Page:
The metal ions included herein include at least about 0.005% , by weight of the composition, of zinc ions. In one embodiment, the composition includes from about 0.005% to about 1%, by weight of the composition, of zinc ions, alternatively from about 0.005% to about 1%, by weight of the composition, of zinc ions. The source of such zinc ions may be any zinc salt, including for example, zinc salts selected from zinc citrate, zinc sulfate, zinc glycinate, sodium zinc citrate, zinc lactate, and mixtures thereof. In one embodiment, the source of zinc ions is a zinc salt selected from zinc citrate, zinc lactate, and mixtures thereof. In a preferred embodiment, the zinc ion source is zinc lactate.

The term "zinc ion(s)" as used herein, is defined to mean the zinc that is in a dentifrice or other oral product, and supplied by a source such as zinc salts including zinc lactate. It may refer to the zinc ions that are provided by a zinc source other than zinc salts, added for stabilization purposes. Stannous Ions

The metal ions included herein optionally include at least about 0.0001 to about 3%, by weight of the composition, of stannous ions. In one embodiment, the metal ions herein include from about 0.001% to about 0.3%, alternatively from about 0.01% to about 1.5%, by weight of the composition, of stannous ions.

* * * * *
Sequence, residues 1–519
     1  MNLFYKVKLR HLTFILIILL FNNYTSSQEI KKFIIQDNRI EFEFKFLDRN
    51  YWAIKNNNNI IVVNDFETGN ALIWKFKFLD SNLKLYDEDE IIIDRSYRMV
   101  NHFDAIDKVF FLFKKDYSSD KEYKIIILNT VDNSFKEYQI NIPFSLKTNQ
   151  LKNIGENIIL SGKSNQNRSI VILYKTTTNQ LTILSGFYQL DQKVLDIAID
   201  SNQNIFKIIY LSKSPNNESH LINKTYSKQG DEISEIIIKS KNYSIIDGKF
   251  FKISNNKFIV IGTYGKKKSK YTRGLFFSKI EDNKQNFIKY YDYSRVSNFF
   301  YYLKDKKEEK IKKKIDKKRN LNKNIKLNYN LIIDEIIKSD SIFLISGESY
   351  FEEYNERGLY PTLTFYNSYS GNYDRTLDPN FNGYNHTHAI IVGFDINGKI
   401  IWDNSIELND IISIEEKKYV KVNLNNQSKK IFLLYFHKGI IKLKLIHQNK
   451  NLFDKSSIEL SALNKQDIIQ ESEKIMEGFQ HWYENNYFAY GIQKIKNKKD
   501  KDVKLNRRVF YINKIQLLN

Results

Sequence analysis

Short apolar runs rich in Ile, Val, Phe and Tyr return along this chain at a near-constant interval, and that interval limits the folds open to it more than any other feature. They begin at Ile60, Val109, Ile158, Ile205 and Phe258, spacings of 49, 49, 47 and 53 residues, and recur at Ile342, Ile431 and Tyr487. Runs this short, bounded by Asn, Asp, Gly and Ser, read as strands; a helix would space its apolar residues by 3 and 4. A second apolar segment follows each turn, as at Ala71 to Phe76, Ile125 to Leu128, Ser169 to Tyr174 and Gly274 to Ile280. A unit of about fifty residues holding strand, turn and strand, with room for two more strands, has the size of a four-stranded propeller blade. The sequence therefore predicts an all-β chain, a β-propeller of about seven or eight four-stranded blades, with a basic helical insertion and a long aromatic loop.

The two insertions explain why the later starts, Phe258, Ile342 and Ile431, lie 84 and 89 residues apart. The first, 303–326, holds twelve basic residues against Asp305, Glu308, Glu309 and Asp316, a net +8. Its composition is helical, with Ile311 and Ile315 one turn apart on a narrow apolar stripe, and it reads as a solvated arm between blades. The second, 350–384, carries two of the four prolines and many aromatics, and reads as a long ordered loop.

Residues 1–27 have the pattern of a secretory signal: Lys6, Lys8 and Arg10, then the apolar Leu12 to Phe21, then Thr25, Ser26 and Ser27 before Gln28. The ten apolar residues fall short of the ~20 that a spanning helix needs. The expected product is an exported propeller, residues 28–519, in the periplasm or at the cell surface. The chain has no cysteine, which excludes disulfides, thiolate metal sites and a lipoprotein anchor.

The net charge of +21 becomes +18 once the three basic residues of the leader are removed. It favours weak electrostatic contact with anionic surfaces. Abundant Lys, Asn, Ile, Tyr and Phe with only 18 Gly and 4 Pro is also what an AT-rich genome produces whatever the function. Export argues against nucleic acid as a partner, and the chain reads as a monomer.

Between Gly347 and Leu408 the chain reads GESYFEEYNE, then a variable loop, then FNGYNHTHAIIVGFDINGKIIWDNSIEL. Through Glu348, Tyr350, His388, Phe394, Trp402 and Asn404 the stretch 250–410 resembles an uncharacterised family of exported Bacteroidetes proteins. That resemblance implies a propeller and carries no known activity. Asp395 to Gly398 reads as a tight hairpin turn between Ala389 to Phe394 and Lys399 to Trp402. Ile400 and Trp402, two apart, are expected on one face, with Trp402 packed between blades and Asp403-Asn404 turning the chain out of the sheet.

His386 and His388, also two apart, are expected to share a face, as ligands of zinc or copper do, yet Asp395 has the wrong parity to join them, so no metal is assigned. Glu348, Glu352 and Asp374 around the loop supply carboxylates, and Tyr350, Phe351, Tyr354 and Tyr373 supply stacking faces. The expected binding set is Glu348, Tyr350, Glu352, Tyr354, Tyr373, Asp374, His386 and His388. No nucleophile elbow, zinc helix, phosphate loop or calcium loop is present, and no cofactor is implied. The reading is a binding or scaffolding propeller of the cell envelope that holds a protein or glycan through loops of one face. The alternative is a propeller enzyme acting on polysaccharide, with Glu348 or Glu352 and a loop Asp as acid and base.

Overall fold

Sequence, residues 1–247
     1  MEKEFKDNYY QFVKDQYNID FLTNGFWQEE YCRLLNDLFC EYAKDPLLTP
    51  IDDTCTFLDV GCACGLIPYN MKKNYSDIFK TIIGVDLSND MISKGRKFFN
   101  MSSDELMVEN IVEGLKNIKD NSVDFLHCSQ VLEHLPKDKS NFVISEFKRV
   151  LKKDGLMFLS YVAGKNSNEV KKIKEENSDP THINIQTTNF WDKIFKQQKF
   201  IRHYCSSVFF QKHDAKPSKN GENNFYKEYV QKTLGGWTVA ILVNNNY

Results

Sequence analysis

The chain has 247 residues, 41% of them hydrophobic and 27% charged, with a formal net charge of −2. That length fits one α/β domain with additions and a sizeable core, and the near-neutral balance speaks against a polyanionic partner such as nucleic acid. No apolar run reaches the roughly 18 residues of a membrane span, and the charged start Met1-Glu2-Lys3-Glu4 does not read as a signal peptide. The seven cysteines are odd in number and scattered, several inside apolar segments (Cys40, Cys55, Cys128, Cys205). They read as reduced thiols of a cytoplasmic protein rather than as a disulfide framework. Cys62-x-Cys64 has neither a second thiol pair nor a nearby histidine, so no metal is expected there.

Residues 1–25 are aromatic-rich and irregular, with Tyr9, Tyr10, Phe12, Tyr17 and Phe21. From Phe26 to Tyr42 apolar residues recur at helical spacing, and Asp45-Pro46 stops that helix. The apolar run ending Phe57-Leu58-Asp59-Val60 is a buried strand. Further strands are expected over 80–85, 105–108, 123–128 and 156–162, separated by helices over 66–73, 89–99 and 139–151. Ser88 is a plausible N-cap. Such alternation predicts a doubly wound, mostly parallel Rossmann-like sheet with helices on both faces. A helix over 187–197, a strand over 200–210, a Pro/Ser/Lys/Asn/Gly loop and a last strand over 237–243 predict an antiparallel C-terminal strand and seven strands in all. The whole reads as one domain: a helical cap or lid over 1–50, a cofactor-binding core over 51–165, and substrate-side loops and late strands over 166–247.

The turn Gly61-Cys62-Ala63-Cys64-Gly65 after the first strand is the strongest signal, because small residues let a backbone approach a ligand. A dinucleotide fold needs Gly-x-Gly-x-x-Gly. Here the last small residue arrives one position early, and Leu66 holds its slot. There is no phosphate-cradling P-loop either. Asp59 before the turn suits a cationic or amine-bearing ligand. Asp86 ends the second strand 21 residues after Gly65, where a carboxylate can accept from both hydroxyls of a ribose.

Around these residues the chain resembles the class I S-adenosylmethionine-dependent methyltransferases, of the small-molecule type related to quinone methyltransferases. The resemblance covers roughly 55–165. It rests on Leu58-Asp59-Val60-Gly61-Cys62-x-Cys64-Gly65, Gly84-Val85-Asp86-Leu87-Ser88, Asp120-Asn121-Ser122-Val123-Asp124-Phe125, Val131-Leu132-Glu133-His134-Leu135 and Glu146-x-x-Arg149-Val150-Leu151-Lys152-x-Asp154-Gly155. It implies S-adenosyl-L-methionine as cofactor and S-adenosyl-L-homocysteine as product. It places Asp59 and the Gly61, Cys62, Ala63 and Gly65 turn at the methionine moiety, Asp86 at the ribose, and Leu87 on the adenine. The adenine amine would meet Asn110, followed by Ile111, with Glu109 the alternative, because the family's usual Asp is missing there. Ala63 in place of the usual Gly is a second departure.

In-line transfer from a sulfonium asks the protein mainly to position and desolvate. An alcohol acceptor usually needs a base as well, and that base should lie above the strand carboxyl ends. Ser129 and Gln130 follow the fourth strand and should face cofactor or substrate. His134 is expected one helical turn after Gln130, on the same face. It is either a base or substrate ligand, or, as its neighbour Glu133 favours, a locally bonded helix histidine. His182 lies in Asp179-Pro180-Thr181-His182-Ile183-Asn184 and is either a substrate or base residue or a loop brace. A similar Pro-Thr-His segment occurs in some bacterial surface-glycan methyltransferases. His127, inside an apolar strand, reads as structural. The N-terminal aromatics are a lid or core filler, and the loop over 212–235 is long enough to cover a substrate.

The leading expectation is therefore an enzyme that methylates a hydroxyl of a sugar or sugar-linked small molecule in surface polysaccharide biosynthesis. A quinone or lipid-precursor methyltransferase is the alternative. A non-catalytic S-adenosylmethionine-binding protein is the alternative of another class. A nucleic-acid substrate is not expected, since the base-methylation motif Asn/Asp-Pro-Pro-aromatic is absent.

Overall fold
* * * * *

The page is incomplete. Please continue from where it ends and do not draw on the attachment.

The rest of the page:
The stannous ion source used herein may include any safe and effective stannous salt and may be selected from stannous fluoride, stannous chloride, stannous pyrophosphate, stannous chloride dihydrate, stannous acetate, stannous gluconate, stannous oxalate, stannous sulfate, stannous lactate, stannous tartrate, and mixtures thereof. In one embodiment, the stannous ion source is selected from stannous fluoride, stannous chloride, and mixtures thereof. In one embodiment, the metal ions include zinc and stannous ions wherein the stannous ion source is stannous fluoride and the zinc ion source is zinc lactate.